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Impact of prior lamivudine use on the antiviral efficacy and development of resistance to entecavir in chronic hepatitis B patients.

Hwang JA, Kim KB, Yang MJ, Lim SG, Hwang JC, Cheong JY, Cho SW, Kim SS - Clin Mol Hepatol (2015)

Bottom Line: In subgroup analysis, after excluding the 10 patients who were refractory to LAM therapy, the cumulative probability of ETV resistance did not differ significantly between the two groups (P=0.149).However, prior LAM use without refractoriness did not affect the development of ETV resistance.The serum hepatitis B virus DNA level at month 12 was a major predictor for the development of ETV resistance.

View Article: PubMed Central - PubMed

Affiliation: Department of Gastroenterology, Ajou University School of Medicine, Suwon, Korea.

ABSTRACT

Background/aims: To determine the efficacies of entecavir (ETV) in nucleos(t)ide analogue (NA)-naïve chronic hepatitis B (CHB) patients and in those with prior lamivudine (LAM) use who did not develop resistance.

Methods: We retrospectively enrolled 337 patients with CHB who were treated with ETV (0.5 mg daily) for at least 30 months. The study included 270 (80.1%) NA-naïve patients and 67 (19.9%) LAM-use patients. Ten of the LAM-use patients were refractory to LAM therapy without developing resistance.

Results: Genotypic resistance to ETV developed more frequently in the LAM-use group (13.1%) than in the NA-naïve group (2.6%) at 60 months (P=0.009). In subgroup analysis, after excluding the 10 patients who were refractory to LAM therapy, the cumulative probability of ETV resistance did not differ significantly between the two groups (P=0.149). Prior LAM refractoriness and a higher hepatitis B virus DNA level at month 12 were independent predictive factors for the development of ETV resistance.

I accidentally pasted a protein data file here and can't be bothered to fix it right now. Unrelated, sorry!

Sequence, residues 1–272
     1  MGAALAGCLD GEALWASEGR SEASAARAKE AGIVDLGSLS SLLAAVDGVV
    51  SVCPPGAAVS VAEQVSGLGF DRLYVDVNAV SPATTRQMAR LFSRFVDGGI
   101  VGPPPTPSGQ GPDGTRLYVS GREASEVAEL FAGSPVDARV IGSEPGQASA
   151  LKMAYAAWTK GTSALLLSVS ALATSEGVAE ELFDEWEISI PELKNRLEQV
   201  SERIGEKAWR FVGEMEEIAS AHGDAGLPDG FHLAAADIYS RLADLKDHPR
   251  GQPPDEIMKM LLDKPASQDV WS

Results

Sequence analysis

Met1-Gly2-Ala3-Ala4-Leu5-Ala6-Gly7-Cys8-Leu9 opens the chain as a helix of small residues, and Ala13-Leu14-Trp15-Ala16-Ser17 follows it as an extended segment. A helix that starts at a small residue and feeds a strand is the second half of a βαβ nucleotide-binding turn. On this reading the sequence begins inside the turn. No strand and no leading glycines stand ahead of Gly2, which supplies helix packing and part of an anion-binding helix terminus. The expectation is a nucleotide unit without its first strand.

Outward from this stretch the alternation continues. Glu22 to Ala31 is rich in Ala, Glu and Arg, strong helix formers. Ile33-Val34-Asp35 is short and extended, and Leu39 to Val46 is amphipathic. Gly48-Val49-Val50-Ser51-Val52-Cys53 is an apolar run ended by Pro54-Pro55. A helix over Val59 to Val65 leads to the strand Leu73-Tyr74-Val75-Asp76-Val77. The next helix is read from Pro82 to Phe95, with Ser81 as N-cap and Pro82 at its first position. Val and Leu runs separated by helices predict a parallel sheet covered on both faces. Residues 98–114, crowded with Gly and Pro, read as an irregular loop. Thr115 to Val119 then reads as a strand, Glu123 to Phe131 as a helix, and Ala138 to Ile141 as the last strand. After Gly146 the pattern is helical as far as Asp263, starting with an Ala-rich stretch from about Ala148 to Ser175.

Conclusions: ETV resistance developed more frequently in LAM-use patients with CHB. However, prior LAM use without refractoriness did not affect the development of ETV resistance. The serum hepatitis B virus DNA level at month 12 was a major predictor for the development of ETV resistance.

No MeSH data available.


Related in: MedlinePlus

Kaplan-Meier curves for the cumulative probabilities of the development of entecavir (ETV) resistance according to serum hepatitis B virus (HBV) DNA level at 12 months. Patients with a higher HBV DNA level (≥250 IU/mL) at 12 months of ETV therapy were more likely to develop ETV resistance.
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Figure 4: Kaplan-Meier curves for the cumulative probabilities of the development of entecavir (ETV) resistance according to serum hepatitis B virus (HBV) DNA level at 12 months. Patients with a higher HBV DNA level (≥250 IU/mL) at 12 months of ETV therapy were more likely to develop ETV resistance.

Mentions: Baseline characteristics and serum HBV DNA levels at month 12 were analyzed to identify the predictive factors for the development of ETV resistance. On univariate and subsequent multivariate analysis of all study patients, high HBV DNA level (≥250 IU/mL) at 12 months of ETV treatment and previous LAM refractoriness were independent predictive factors for developing ETV resistance (Hazard ratio [HR], 10.36; 95% confidence interval [CI], 1.91-56.32; P=0.007 and HR, 9.00; 95% CI, 1.43-56.64; P=0.019, respectively) (Table 3, Fig. 4). Previous LAM use without refractoriness did not affect the development of ETV resistance. Baseline HBV DNA level, HBeAg positivity, and the presence of liver cirrhosis were also statistically insignificant factors for predicting ETV resistance.